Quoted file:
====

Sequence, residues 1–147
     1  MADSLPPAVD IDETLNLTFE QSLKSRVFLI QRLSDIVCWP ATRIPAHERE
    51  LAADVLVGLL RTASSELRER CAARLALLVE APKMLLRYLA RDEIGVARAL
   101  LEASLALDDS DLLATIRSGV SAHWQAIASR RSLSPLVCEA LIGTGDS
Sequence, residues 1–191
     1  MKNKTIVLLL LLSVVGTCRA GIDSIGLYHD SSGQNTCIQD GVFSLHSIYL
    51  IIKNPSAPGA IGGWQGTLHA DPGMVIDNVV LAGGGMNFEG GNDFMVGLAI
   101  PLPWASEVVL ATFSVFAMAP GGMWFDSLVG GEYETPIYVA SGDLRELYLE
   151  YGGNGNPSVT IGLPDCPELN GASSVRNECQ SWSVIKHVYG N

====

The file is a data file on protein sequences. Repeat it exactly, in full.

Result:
Sequence, residues 1–147
     1  MADSLPPAVD IDETLNLTFE QSLKSRVFLI QRLSDIVCWP ATRIPAHERE
    51  LAADVLVGLL RTASSELRER CAARLALLVE APKMLLRYLA RDEIGVARAL
   101  LEASLALDDS DLLATIRSGV SAHWQAIASR RSLSPLVCEA LIGTGDS
Sequence, residues 1–191
     1  MKNKTIVLLL LLSVVGTCRA GIDSIGLYHD SSGQNTCIQD GVFSLHSIYL
    51  IIKNPSAPGA IGGWQGTLHA DPGMVIDNVV LAGGGMNFEG GNDFMVGLAI
   101  PLPWASEVVL ATFSVFAMAP GGMWFDSLVG GEYETPIYVA SGDLRELYLE
   151  YGGNGNPSVT IGLPDCPELN GASSVRNECQ SWSVIKHVYG N